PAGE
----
The Senate bill, as proposed by the Senate Finance Committee, would charge an excise tax on so-called “Cadillac plans” and also charge new annual fees to various industry sectors: $6.7 billion from insurance companies, $4 billion from manufacturers of medical devices, and $2.3 billion from drug makers.

A third flash point is the proposed individual mandate, the so-called “coverage” issue.

Specifically, the House bill would require employers to provide coverage; the Senate does not.

This is a critical issue for officials of AHIA/the National Association of Insurance and Financial Advisors.

“As currently drafted, the individual mandate’s rules create a strong incentive for individuals to choose to pay a fine rather than to buy health insurance,” AHIA/NAIFA officials said. “The fine is much, much lower than the cost of health insurance.

“And health insurance can be bought after a person gets sick or hurt, on a guaranteed basis, for the same price as if it were purchased while the buyer is healthy,” they argued.

“Congress must fix this problem, or the health care payment system will get much worse than it currently is,” AHIA/NAIFA officials said.

“Congress must put risk back into the health insurance buying decision,” they said. “People must believe they need the insurance before they get sick or hurt.”

The “Cadillac plan” issue is another AHIA/NAIFA concern. “We support health reform that refrains from taxing Americans on the value of the insurance they receive from their employers,” he said.

“We encourage members of Congress to support legislation that does not cap contributions to flexible spending arrangements (FSAs), or if a cap is unavoidable, to index that cap.”

A late-developing flash point was abortion. House Democrats agreed at the last minute to allow a vote on an amendment that restricts coverage of abortion in that chamber’s version of reform, and it passed by a wide margin.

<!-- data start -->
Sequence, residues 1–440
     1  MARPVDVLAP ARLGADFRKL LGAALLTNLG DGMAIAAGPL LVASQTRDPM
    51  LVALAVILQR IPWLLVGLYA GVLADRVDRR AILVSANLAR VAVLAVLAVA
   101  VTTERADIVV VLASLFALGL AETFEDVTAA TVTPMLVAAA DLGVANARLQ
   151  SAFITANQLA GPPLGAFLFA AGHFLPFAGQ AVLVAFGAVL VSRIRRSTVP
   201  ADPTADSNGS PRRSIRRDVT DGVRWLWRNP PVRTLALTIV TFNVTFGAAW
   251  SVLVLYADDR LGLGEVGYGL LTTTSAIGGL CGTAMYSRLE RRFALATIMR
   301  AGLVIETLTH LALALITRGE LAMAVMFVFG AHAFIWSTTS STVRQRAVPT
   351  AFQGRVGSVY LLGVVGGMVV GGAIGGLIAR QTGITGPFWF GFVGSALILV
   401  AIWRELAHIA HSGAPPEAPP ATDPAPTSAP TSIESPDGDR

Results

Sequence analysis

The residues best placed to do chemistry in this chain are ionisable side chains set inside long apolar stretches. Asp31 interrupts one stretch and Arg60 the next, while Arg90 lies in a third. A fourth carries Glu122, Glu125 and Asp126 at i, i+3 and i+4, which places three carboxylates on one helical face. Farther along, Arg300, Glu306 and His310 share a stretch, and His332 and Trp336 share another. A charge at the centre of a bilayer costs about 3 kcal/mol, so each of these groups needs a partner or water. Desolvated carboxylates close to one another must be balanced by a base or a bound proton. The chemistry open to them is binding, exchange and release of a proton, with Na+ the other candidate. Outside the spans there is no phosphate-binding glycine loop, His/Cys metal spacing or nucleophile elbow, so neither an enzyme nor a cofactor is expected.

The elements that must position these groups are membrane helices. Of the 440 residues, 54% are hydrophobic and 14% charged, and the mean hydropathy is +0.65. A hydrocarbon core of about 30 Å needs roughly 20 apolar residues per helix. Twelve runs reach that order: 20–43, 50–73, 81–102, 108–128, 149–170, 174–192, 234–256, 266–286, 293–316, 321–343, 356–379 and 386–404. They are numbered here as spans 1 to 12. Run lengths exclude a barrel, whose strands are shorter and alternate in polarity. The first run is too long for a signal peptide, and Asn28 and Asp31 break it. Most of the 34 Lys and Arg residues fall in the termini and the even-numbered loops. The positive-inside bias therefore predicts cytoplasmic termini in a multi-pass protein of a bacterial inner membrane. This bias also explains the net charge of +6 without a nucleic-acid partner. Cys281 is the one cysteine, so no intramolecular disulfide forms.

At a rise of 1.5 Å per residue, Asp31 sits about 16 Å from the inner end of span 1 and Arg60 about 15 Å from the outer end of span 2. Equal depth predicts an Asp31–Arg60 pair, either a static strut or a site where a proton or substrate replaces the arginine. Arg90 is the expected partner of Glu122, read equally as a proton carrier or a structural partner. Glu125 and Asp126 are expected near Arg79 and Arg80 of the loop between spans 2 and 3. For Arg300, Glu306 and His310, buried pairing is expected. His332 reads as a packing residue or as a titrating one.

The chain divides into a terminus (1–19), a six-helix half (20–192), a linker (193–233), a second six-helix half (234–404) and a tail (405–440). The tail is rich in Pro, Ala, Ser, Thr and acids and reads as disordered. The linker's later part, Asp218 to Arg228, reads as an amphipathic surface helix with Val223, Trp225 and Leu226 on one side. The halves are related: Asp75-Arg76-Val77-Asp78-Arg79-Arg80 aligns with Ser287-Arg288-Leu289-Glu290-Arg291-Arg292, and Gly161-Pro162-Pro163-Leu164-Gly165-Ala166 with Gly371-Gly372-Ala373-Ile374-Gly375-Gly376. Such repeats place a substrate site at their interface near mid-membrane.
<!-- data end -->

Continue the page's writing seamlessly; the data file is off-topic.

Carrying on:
Several Senate Democrats said they would oppose the bill if it didn’t contain such a provision, and abortion rights groups and President Obama said the language needed to be softened or removed before they would support the bill.

The House bill, H.R. 3962, the Affordable Health Care for America Act, passed the House on Nov. 7 by a margin of 220-215.

The House bill would create a new government-regulated insurance “exchange” where private companies would sell policies in competition with the government.

The bill adds a new provision that would add incentives for the creation of additional state-based non-profit “cooperatives.”

But it contains a provision that assures insurance agents’ ability to continue to offer all products sold in the “exchange” environment.

In addition to creating such a “public option,” the legislation would eliminate medical underwriting for all groups and establish a narrow community rating law (with no more than a 2-1 rating ratio for older, sicker workers as compared to the young and healthy), said Joel Kopperud, a director of government relations at the Council of Insurance Agents and Brokers.

Both the House and Senate bills gradually would extend coverage to nearly all Americans by providing government subsidies to help pay premiums.

The measures would bar insurers’ practices such as charging more to those in poor health or denying them coverage altogether.

Under both bills, all Americans would be required to carry health insurance, either through an employer, a government plan or by purchasing it on their own.

To reduce costs, the government subsidies and consumer protections don’t take effect until 2013. During the three-year transition, both bills would provide $5 billion in federal dollars to help get coverage for people with medical problems who are turned down by private insurers.